MSLF continues post-COVID-19 ag loan litigation
In March 2021, the Biden administration signed into action the American Rescue Plan Act of 2021 (ARPA) in response to the COVID-19 pandemic. Within this legislation, $4 billion was slated to forgive loans for socially disadvantaged farmers and ranchers.
The Mountain States Legal Foundation (MSLF), along with the Southeastern Legal Foundation, have worked together to bring light to what they call a “violation of the Constitution’s guarantee of Equal Protection,” provided by the Fifth Amendment.
According to MSLF, preliminary rulings suggest claims of equal protection rights violations have sufficient merit to halt controversial payouts of loans held by socially disadvantaged groups.
In Holman v. Vilsack, the government requested a stay and on Aug. 2, the judge on the case denied the request. MSLF shares this action means the case may move forward.
Robert Holman, a Tennessee farmer, filed against Secretary of Agriculture Thomas Vilsack and Farm Service Agency Administrator Zach Ducheneaux, seeking a declaratory judgment that the loan forgiveness program provided to socially disadvantaged farmers and ranchers under ARPA violates the Equal Protection Clause and is seeking to enjoin the program.
The order granting motion for preliminary injunction stated, “Farmers, such as the plaintiff, who have U.S. Department of Agriculture (USDA) loans and who are white/Caucasian are not considered to be socially disadvantaged and, thus, are not eligible for debt relief regardless of their individual circumstances.”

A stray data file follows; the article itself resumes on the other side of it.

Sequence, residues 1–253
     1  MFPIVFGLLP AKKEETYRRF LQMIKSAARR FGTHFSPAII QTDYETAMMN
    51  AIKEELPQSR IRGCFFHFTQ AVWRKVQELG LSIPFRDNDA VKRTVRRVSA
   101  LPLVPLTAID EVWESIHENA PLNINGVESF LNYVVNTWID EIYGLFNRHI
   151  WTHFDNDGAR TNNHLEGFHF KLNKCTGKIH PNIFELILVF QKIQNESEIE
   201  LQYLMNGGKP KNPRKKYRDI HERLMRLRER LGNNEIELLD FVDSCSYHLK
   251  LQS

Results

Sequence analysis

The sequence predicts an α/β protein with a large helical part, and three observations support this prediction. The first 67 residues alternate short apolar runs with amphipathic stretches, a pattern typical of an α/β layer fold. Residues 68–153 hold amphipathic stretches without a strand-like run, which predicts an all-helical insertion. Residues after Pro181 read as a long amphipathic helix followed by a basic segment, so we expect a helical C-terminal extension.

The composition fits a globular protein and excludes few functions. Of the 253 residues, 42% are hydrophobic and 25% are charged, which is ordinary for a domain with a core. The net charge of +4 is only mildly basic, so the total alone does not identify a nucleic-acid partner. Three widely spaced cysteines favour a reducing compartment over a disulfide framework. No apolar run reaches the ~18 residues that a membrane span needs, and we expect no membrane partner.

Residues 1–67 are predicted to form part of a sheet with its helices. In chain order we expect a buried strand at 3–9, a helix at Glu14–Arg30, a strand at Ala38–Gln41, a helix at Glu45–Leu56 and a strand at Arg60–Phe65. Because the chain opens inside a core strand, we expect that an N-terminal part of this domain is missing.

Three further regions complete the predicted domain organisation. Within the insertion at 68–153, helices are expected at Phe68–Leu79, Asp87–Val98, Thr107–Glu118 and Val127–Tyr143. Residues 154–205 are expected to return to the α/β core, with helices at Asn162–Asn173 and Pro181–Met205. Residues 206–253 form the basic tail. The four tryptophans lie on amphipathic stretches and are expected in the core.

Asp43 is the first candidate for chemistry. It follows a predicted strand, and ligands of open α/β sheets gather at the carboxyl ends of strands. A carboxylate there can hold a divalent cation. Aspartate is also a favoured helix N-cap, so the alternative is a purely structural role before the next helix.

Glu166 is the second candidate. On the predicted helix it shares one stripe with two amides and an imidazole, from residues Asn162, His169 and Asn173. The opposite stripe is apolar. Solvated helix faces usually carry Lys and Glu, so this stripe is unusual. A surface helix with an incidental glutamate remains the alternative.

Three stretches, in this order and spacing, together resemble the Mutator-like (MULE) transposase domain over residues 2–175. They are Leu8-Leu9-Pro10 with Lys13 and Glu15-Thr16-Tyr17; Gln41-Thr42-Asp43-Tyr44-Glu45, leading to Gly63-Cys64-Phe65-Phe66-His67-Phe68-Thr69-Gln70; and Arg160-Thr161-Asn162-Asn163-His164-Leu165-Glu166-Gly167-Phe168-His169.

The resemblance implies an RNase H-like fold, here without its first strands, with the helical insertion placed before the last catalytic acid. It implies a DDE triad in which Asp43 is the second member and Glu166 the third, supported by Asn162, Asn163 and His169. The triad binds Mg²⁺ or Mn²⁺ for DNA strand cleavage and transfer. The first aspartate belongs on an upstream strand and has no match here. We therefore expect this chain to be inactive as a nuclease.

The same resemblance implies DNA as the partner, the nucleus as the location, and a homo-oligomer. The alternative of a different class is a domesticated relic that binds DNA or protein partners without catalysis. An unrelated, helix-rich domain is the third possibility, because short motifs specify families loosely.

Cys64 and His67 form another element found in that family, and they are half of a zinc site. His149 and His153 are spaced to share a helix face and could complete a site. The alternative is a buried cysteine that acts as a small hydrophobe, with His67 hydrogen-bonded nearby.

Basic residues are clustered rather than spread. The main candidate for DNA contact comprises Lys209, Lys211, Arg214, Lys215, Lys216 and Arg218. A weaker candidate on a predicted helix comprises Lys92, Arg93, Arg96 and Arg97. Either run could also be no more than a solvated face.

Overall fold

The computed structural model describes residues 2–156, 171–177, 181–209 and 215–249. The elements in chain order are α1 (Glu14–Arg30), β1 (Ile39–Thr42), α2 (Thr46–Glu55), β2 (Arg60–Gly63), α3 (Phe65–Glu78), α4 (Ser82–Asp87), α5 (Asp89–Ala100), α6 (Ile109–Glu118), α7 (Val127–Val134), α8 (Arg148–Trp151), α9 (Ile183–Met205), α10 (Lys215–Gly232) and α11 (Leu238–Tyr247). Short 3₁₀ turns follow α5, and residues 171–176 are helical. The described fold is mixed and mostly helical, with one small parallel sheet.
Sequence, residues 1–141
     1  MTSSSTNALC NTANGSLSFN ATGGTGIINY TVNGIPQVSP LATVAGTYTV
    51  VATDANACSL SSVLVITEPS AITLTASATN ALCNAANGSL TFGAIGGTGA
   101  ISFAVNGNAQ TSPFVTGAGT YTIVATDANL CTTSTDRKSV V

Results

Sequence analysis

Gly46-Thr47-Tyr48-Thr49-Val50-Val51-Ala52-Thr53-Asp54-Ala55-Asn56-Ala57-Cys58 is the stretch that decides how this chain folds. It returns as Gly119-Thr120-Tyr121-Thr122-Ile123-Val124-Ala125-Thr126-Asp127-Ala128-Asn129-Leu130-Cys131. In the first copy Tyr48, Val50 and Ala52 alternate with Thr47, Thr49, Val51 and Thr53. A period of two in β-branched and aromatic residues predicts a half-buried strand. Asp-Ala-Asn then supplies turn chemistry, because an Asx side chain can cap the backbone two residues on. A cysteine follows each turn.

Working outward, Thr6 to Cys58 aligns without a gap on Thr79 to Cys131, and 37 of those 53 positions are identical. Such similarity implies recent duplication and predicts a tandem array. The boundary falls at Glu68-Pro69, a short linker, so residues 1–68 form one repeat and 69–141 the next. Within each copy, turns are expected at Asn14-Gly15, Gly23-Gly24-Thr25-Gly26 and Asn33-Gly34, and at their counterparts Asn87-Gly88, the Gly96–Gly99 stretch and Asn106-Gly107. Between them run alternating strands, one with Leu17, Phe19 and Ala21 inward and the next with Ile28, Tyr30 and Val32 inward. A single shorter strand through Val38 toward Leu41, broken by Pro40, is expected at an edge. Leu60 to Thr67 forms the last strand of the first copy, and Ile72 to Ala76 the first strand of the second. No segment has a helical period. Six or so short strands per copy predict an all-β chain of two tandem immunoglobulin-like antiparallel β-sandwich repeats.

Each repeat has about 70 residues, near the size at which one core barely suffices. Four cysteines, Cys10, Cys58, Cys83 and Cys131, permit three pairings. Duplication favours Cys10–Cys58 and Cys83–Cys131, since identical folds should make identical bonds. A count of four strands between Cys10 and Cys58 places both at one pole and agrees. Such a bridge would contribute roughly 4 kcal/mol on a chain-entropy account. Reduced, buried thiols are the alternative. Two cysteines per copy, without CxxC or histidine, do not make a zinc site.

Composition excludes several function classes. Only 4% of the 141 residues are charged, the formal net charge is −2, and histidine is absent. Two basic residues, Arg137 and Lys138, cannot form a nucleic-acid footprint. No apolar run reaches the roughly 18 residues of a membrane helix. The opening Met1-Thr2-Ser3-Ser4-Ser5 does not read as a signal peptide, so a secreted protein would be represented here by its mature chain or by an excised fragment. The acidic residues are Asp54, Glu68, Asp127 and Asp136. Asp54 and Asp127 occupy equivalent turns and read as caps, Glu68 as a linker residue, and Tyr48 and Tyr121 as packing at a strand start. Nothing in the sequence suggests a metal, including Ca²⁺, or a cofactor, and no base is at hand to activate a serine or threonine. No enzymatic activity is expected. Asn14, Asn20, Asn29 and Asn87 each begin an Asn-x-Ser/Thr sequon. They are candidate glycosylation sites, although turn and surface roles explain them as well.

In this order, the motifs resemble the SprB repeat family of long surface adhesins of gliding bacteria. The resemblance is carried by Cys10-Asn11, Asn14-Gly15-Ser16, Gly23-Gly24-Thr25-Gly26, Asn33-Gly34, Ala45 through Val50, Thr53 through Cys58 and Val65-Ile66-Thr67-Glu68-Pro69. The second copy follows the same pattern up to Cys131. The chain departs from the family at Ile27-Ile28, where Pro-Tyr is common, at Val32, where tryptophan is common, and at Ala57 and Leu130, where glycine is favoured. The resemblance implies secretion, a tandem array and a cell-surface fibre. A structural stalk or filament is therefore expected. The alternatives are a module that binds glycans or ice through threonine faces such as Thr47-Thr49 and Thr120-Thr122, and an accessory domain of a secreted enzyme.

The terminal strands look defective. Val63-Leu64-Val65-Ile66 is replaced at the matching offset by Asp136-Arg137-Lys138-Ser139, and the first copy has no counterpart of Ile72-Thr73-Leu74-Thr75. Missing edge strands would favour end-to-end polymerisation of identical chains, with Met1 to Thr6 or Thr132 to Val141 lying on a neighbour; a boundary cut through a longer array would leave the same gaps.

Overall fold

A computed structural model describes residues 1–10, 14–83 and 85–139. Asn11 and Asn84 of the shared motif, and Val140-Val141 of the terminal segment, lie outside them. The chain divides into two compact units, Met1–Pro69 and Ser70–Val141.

“The government has not disputed that the plaintiff, as the holder of two USDA direct farm loans, would be eligible for debt relief if he was a member of one of the specified racial classifications,” the injunction continued.
Another case, Leisl Carpenter v. Tom Vilsack and Zach Ducheneaux was introduced as the USDA considers Carpenter, a Wyoming rancher, to be socially disadvantaged in some respects regarding the loan status, but not under ARPA.
The complaint reads, “Because she has no job other than ranching, her entire family’s income stems from the ranch. Although she meets the definition of “socially disadvantaged” for some purposes related to the USDA’s Farm Service Agency, she is not covered by the American Resuce Plan Act. On the other hand, if she were a different race – regardless of whether she was affected by COVID-19 or in fact needed loan forgiveness – the federal government would automatically forgive her loan.”
MSLF shares the administration is looking at a similar bid to stay Leisl Carpenter v. Tom Vilsack and Zach Ducheneaux.
“When it comes to race discrimination, justice can’t wait,” said MSLF General Counsel William E. Trachman in a MSLF press release. “The government hoped it could put our equal protection rights on ice by trying to pause this case for what would have been years on end, and we’re pleased to see the federal government’s attempt to halt this case completely rejected by the judge.”
He continued, “It’s time for the government to end its efforts to resegregate us by race, and we look forward to litigating this case to its conclusion.”
Averi Hales is the editor of the Wyoming Livestock Roundup. Send comments on this article to email@example.com.